From next year, a series of increases for a carbon tax will be introduced as the all-party Committee on Climate Action finally came to an agreement.
Despite the appearance of a major stumbling block at the last minute, last night (28 March) a deal was signed among the country’s largest political parties that will begin Ireland’s path towards redemption in the eyes of climate activists.
The Committee on Climate Action has spent the past several months debating aspects of the report based on a number of proposals put forward by the Citizens’ Assembly. Now, according to The Irish Times, the committee has given the green light for the introduction of increases to a carbon tax.
These increases are expected to be introduced in the 2020 Budget – set to be put to the public later this year – and will run until 2030. This will see the carbon tax gradually increase from €20 per tonne of CO2 to €80 over the course of a decade.
Speaking after the announcement, Minister for Communications, Climate Action and Environment Richard Bruton, TD, said: “Creating a price for carbon, the most prevalent greenhouse gas, will mean that the cost of the damage will be paid for, by the person who is polluting.
“The committee have also agreed with the 70pc renewable energy target by 2050, which I set out earlier this week.”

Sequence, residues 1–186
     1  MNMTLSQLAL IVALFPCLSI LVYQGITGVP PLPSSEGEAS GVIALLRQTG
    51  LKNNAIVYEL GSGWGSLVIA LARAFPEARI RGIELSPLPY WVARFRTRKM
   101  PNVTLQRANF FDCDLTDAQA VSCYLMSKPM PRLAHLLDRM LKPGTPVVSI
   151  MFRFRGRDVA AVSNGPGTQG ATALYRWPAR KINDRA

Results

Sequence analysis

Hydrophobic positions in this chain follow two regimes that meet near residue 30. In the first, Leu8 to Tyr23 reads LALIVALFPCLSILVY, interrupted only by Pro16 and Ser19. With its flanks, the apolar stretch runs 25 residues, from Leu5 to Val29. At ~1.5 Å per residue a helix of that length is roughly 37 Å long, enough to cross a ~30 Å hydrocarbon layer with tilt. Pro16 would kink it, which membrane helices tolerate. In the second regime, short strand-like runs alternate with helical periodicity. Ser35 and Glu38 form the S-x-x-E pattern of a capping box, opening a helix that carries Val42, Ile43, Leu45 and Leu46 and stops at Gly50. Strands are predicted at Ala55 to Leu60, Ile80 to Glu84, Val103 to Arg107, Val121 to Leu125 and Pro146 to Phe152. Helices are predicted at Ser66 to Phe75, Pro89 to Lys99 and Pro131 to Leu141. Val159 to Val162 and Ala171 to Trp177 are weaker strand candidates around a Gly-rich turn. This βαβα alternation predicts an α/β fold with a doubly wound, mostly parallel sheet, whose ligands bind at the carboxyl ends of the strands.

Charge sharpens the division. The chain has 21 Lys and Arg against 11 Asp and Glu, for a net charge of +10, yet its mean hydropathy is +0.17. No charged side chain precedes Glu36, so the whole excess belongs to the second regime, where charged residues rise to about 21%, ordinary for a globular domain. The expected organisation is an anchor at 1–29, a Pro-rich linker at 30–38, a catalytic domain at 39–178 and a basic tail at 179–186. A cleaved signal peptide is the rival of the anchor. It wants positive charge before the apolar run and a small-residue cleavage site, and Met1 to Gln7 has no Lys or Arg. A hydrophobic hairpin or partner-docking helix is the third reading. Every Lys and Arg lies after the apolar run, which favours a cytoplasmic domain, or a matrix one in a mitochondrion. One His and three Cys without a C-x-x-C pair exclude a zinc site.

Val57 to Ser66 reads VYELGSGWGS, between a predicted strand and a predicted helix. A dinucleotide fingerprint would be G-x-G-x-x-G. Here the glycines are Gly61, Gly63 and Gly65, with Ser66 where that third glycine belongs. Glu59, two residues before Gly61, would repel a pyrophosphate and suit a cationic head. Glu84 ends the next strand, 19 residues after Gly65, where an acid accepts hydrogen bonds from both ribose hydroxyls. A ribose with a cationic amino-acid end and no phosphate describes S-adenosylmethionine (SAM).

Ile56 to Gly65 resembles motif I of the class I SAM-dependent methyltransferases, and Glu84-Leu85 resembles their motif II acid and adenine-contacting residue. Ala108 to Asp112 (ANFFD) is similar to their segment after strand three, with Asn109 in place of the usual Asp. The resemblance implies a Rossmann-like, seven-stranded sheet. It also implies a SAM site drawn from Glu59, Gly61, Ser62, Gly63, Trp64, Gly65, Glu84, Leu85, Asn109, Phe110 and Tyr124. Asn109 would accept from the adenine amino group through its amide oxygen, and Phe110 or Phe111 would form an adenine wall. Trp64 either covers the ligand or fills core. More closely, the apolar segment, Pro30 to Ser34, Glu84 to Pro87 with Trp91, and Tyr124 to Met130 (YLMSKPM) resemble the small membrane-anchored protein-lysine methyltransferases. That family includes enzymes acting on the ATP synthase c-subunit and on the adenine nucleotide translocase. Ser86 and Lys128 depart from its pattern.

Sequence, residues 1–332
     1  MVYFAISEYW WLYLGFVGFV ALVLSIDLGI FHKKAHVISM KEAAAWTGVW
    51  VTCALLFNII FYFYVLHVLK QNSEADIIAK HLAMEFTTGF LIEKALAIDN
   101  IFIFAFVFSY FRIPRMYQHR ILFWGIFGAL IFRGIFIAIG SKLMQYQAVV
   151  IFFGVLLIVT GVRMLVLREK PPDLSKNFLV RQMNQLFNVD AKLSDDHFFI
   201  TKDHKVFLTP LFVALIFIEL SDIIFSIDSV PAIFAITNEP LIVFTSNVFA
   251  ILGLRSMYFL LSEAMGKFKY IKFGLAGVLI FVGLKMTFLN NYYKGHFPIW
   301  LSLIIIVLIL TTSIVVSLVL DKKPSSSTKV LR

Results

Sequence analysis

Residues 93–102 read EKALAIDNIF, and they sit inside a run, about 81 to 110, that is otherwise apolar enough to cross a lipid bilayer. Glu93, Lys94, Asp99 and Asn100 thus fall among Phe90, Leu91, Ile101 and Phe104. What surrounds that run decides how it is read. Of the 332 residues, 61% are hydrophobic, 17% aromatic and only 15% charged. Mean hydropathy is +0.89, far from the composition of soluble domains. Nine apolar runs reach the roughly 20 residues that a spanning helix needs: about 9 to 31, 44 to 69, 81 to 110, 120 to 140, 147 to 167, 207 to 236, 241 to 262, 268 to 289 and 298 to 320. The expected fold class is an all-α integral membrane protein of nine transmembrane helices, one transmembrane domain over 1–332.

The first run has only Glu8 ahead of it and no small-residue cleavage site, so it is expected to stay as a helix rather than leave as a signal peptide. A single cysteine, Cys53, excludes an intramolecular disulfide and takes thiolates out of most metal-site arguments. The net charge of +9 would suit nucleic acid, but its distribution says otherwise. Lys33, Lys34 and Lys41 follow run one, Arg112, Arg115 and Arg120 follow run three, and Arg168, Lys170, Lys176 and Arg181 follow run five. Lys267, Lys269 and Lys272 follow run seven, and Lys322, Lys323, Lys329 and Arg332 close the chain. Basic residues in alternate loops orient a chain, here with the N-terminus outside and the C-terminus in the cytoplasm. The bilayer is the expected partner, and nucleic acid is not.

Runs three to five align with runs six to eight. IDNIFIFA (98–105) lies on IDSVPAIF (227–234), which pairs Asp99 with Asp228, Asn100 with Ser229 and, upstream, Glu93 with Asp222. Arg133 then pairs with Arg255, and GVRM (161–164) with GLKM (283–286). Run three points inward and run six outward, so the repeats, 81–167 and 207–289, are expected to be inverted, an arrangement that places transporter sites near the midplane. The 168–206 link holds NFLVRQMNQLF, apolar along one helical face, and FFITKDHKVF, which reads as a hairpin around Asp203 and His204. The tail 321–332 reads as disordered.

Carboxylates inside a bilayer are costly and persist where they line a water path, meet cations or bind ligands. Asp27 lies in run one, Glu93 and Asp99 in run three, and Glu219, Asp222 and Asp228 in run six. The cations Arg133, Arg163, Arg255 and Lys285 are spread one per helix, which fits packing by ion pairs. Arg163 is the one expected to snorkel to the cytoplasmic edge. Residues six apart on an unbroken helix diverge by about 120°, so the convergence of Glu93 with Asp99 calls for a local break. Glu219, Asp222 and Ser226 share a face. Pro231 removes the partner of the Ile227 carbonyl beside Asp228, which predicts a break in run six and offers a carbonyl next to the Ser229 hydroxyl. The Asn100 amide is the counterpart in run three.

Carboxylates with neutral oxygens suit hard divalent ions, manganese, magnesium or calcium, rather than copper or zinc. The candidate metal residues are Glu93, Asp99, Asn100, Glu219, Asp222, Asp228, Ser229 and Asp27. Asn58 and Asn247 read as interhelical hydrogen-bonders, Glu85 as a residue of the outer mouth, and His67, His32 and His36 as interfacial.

Under the agreement, the money raised from the carbon tax will be ring-fenced exclusively for climate initiatives.
It is worth noting that minutes before the committee was expected to begin its last public meeting on the agreement, an amendment was agreed by Labour, Fine Gael, Fianna Fáil and the Green Party. This will require the Government to put in place an “evidence-based plan” that those earning low incomes will not be forced into “fuel poverty”, with any support systems to be agreed before the carbon tax increases are implemented.
‘Kyoto for slow learners’
Not all parties agreed to the carbon tax increases, however, with Sinn Féin and Solidarity-People Before Profit voting against the report. A minority report published by Sinn Féin representatives said that these taxes will not reduce CO2 emissions.
“Carbon tax hasn’t worked. Increasing it won’t work. The proposals from the other parties will impact harder on ordinary working people and families,” the minority report said.
In contrast, climate advocacy groups have strongly welcomed the report, with Friends of the Earth Ireland director Oisín Coghlan describing it as the “Good Friday Agreement for Irish climate action”. However, he added that he “can’t help also thinking this is ‘Kyoto for slow learners’”.
“We have a climate emergency because we now have to do in 10 years what we should have started 20 years ago,” he said. “None of the committee’s recommendations are rocket science. Few are radical or new. All are overdue.”
From a political perspective, Green Party leader Eamon Ryan, TD, said it was worth celebrating the cross-party collaboration on such an important topic.
“The key thing now will be to help turn the ideas into action,” he said. “This committee will continue until the end of the year. We should have a key role in analysing the new National Energy and Climate Action plan that the Government has to agree with the European Commission by December.”